Those Confounded Compounds

Cheryl Norman:

Re-posting for the author who asked about awhile and a while.

Originally posted on Cheryl Norman - Grammar Cop:

Do compound words confound you? For instance, when do you use everyday and when is it every day? Or the one I struggle with most–awhile. Or is it a while? As usual, the answer is: It depends.

Awhile is an adverb meaning a short period of time. It should be used with a verb.

She stopped working awhile and had a cup of tea.

A while (two words) can mean any length of time and acts as a noun.

She stopped working for a while and had a cup of tea.

Unfortunately, you’ll see awhile misused in the press. Ignorance? To save print space? Who knows.

Words like everyday or anytime are used as adjectives.

Red wine vinegar is her everyday vinegar.

Words like Every day and any day are two words when used as adverbs.

She uses red wine vinegar every day.
She uses red wine…

View original 89 more words

Thunder and Lightning

It’s summer, and that means thunderstorms. A common spelling/grammar mistake I see is the use of the word lightening. Let’s clear up the confusion.

Lightening means to add light or to dilute the tint of a color.

She tried lightening her hair, but it turned an odd shade of red.

Lightning is an atmospheric phenomena typically seen during thunderstorms.

Ben Franklin attracted lightning with a metal key attached to a kite.

Remember, if it’s in the sky, it’s spelled without the e.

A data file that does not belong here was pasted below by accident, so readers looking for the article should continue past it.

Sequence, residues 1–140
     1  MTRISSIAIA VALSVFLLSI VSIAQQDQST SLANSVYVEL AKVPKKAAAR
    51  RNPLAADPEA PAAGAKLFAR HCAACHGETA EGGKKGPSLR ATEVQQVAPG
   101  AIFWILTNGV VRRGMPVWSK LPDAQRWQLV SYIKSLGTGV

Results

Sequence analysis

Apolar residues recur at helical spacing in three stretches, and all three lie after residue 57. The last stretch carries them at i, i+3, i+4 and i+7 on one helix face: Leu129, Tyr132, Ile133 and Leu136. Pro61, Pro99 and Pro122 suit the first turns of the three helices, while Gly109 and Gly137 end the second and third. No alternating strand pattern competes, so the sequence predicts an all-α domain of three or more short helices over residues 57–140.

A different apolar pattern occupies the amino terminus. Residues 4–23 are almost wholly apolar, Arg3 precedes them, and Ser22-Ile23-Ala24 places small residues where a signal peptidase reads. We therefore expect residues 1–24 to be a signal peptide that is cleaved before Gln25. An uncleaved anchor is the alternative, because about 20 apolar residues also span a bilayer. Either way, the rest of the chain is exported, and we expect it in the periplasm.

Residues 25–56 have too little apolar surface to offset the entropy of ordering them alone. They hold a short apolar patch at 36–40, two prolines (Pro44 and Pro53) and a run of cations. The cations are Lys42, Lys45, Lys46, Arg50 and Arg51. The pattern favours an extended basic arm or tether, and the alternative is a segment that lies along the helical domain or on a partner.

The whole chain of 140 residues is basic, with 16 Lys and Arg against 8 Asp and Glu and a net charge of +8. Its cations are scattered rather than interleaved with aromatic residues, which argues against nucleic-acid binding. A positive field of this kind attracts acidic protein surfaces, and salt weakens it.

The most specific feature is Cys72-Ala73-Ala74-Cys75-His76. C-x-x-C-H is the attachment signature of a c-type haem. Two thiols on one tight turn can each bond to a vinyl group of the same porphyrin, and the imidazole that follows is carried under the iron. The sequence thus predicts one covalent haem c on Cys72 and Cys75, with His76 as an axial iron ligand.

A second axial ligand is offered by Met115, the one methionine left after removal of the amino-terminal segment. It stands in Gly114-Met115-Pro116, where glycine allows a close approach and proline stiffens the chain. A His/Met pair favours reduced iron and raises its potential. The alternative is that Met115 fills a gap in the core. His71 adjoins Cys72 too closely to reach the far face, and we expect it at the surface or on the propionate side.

Happy Father’s Day!

In case you didn’t know, today is the Sunday in June we honor the fathers in our lives. You may be tempted to call it “Fathers’ Day” or “Fathers Day” to pluralize it. However, the official (and Grammar Cop-accepted) holiday is called Father’s Day.

If you honor more than one father or dad, remember to use the correct plural form, fathers or dads. There is no apostrophe!

Happy Father’s Day to all you dads.


What will you do today in observance of National Grammar Day? I’m revisiting the comma.

It amazes me how people struggle with comma placement. It’s simple, logical, and important to place commas correctly. Here are some basic rules to remember.

  1. Separate two independent clauses joined by a conjunction with a comma. The hotel room was tiny, but the rate was ridiculously high.
  2. Separate independent clauses that are not joined by a conjunction with a period. (Or ! or ?) The hotel room was tiny. The rate was ridiculously high.
  3. Separate introductory elements from an independent clause with a comma. That evening, we crashed in our tiny hotel room.
  4. Do not use a comma to offset an element that is essential to the meaning of the independent clause. We were packed and ready to leave when the bellhop arrived.
  5. Avoid commas within clauses. What we liked best about the hotel was its workout room.

There are other rules about comma use, but master these first and you’ll be well on your way to grammar goodness. March forth on March fourth!